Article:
We must also be reminded that another attack on language involves those that say “words have no meaning.” That is, words don’t carry their own meaning. Instead we give meaning to words. In this sense, language becomes pointless.
I was recently watching a question and answer session with a well-known academic. He has published extensively and has had several best selling books. He stated that, “Words don’t mean anything, people ascribe their own meaning to words. Truth is thus unknowable.” Then someone with some sense in the audience asked, “Then why should we buy your books if truth is unknowable and words don’t carry any meaning. What could they possibly tell us?” That is the price my fine, academic friend. Your words have killed your very argument.
Words have meaning. We don’t get the luxury of defining words in a way that is convenient for us. Language carries with it an original meaning whether we understand it or not. Scripture communicates truth to us. The original author is presenting a specific meaning. The author transmits the meaning. It is not the reader that applies his own meaning to the text.
When we attempt to deconstruct language and reconstruct it in ways that suits ourselves, we do so at a price. We are paying the price now socially, morally, and spiritually. We have torn down moral fences without giving pause to ask why they were put there in the first place.
Words have meaning. Let us not toy with them. The Christian must stand firm on truth.
Walk good. Live wise. Be blessed.
Alright, admit it, the title to this blog made you want to come read it, right? What could this post possibly be about? Kill your wife? Seriously? Yup, it’s the best thing for her. Well, how do you kill someone more than once? Isn’t that impossible? No, but it’s a necessity for a healthy marriage. But it doesn’t come naturally to us guys (at least it doesn’t for most men I have known, including myself).
You see, men are hunters. We like to chase things. We are up for a good challenge. We like to set goals, devise plots plans, execute those plans flawlessly and drag the trophy home. Its just how we work. We get laser-focused intensity on a single target and we go for it with gusto. Carpe Diem!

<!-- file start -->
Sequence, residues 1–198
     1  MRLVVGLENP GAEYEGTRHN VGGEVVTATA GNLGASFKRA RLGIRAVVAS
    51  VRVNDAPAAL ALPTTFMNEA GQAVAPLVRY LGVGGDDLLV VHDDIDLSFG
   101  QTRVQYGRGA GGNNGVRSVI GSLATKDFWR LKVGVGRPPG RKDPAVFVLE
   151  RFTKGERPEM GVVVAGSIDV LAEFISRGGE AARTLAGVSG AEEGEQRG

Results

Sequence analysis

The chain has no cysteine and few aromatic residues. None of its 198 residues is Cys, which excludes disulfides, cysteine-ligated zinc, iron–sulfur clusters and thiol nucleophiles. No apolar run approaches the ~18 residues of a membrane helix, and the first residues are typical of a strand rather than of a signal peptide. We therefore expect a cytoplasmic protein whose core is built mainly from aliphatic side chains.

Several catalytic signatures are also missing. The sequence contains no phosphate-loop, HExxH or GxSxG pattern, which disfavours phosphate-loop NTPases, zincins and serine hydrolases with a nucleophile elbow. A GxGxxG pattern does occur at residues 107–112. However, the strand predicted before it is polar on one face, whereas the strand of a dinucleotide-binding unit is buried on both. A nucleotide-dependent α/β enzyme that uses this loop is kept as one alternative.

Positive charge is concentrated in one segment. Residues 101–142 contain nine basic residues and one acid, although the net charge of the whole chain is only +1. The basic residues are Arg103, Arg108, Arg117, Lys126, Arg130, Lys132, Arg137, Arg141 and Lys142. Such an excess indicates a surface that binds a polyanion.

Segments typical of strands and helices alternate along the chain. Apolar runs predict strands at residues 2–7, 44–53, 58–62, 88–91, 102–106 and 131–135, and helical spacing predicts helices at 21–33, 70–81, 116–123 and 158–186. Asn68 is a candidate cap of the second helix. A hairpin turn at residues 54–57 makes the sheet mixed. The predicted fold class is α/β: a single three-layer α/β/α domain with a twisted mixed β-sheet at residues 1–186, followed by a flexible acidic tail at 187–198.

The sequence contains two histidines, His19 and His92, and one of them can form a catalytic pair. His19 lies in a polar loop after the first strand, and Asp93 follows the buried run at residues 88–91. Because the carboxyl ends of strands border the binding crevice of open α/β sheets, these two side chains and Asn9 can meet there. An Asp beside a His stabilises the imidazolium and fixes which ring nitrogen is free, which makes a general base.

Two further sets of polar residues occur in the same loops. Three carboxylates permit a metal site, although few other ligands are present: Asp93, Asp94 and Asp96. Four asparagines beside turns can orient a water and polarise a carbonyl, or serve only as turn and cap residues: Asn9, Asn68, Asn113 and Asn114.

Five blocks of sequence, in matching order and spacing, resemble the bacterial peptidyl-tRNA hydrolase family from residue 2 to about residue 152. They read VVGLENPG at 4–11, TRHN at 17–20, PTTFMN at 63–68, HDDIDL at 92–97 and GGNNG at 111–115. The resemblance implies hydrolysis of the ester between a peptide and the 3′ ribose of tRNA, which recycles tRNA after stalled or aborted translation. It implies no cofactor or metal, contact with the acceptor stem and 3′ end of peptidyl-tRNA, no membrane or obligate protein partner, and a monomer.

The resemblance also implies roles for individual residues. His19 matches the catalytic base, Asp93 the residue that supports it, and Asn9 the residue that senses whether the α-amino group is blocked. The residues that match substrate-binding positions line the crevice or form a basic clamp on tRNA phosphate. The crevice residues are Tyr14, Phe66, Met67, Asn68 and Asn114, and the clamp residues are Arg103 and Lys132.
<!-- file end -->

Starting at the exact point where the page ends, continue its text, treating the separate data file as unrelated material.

Ladies, let me ask you, how many different hobbies has your husband had? More than one? Several you say? Why is that? Because we get interested in something, read every detail there is to know about it, try to do it as many ways as possible, make sure we are better at it than any of our friends, perfect it, and then we are done. Once we make the kill, that is, once we master it, we move on. As an aside, the reason guys play golf for decades without ever losing interest is because it’s so incredibly difficult to master the game. The challenge keeps us going back to get frustrated that we can’t put a tiny, two inch, white ball into a four inch hole.
So how does this relate to marriage? Think about the first time you saw your wife gentlemen. Your radar went off, you focused, and you accepted the challenge. She became the hunted. It became your mission to catch this wonderfully beautiful (I am assuming she was beautiful, I understand that some ladies just have good personalities, and that’s alright. But she had better be beautiful to you. Get me?) creature. So you began to study her. You spent late nights on the phone. You spent money on frivolous items. You did things that you never expected to do. You did whatever it took to “catch” the person you are married to. Congratulations, you made “the kill” and you “dragged” her home (hopefully not kicking and screaming) to live with you.
The question is, what happens next? Now that the thrill of the hunt is over what are you doing? For many men, once they make “the kill” they move on to hunt something else such as a career, hobby, or having the nicest manicured lawn in the neighborhood. This is not how it should be, however. Marriage isn’t a one-time kill. That is, the hunt never ends. Think of marriage as a catch-and-release-then-hunt-what-you-let-go type of endeavor.
When you stop hunting your wife and fail to do many of the things that let her know you appreciate her, a natural drift occurs. Other things start to seem more important than your relationship. I get it guys, life gets busy after the “I do’s”, especially when you add some kids to the mix, but if you don’t have a good marriage it soils all the other areas of your life. As the saying goes, happy wife, happy life. Hunt her daily.
We are reminded in Genesis 2:24, “That is why a man leaves his father and mother and is united to his wife, and they become one flesh.” The word “united” is the Hebrew word dabaq. It means to catch by pursuit or to pursue hard with affection and devotion. That is our calling guys, to pursue our wives daily with sincere affection.